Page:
DWI Convictions in Question After NJ Officer Allegedly Failed to Re-calibrate Breath Testing Devices
After a New Jersey State Police Sergeant was charged criminally for allegedly lying about re-calibrating several DWI breath testing devices, over 20,000 DWI convictions may be called into question.
The officer charged in this case, NJ State Police Sergeant Marc Dennis, a coordinator for the Alcohol Drug Testing Unit, is accused of signing certifications that attested to his performing mandatory re-calibrations of three breath testing devices. Dennis allegedly failed to fulfill his responsibility to re-calibrate the breath test machines, falsifying documents to the contrary.
As a result of the controversy, the State has begun to prepare for the onslaught of DWI challenges that may be filed in connection with DWI convictions that occurred over the last seven years. A federal class action lawsuit has also been filed on behalf of defendants in cases in which readings from breath test devices maintained by Dennis were used to convict. According to reports, this case may undermine the validity of over 20,000 DWI cases, spanning Monmouth, Ocean, Somerset, Middlesex, and Union counties.
The significance of this case hinges on the use of breath test readings to prove DWI cases in New Jersey, as well as the use of specific blood alcohol content readings to determine penalties for those convicted. New Jersey employs breath test devices, specifically the Alcotest 7110 Breathalyzer, to evaluate a driver’s blood alcohol content (BAC) when suspected of driving while intoxicated. Without an accurate breath test reading, it can be exceedingly difficult to prove a driver’s blood alcohol content, and thus, that he or she was driving under the influence, beyond a reasonable doubt.
Further, in first offense DWI cases, the State utilizes the specific level of alcohol in the driver’s blood to assess penalties. For driver’s convicted of first offense DWI with a BAC between 0.08% (the legal limit) and 0.1%, the period of driver’s license suspension is 3 months. On the other hand, if the driver’s BAC exceeds 0.1%, he or she will lose their driving privileges for between 7 months and 1 year. Moreover, an individual convicted of first offense DWI with a BAC of 0.15% or more will be subject to a mandatory ignition interlock device installed in their vehicle during the period of license suspension and for an additional 6 months to 1 year following license restoration.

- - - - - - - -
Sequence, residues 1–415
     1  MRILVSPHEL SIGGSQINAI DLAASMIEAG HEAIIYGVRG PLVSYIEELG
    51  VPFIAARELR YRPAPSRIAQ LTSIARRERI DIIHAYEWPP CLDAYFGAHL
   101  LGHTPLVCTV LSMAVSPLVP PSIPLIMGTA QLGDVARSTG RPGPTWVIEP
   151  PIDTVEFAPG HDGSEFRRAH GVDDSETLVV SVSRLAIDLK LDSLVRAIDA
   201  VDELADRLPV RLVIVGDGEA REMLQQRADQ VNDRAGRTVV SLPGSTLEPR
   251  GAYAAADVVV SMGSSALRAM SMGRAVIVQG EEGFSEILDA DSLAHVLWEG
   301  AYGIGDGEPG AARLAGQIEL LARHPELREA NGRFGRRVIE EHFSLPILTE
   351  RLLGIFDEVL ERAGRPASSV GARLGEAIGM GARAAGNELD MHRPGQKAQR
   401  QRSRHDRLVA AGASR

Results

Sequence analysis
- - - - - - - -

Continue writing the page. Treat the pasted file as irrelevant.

If Dennis failed to perform a preliminary temperature check, the breath testing device may or may not have been calibrated correctly, and the readings that it yielded may be inaccurate. Without a valid blood alcohol content reading, many of the cases that involved these breath testing devices could be subject to scrutiny.
At The Tormey Law Firm, our firm’s founder, Travis J. Tormey, is among the small fraction of attorneys in the state of New Jersey who are trained on the Alcotest 7110’s analytical system, components, and peripherals. He is also certified to operate the instrument and to perform a New Jersey-specific breath test sequence. With his unique knowledge of the breath testing device, he is able to evaluate police protocol in DWI cases and often challenges breath test readings due to errors in police procedure or issues with the Alcotest itself. In addition, our firm employs a retired New Jersey State Trooper and Police Academy instructor who now serves as an expert witness in our clients’ DWI cases. He examines every facet of the case, from probable cause for the stop to field sobriety tests, breath tests, and school zone limits, in order to identify key issues that may provide grounds for a dismissal.
If you or someone you love has been charged with DWI in New Jersey, contact us to find the answers you need to protect your rights and your innocence. Simply call (201)-556-1570 today for your cost-free consultation.
For additional information pertaining to this case, access the following article: 20K DWI cases up in the air after officer accused of records tampering. What’s next?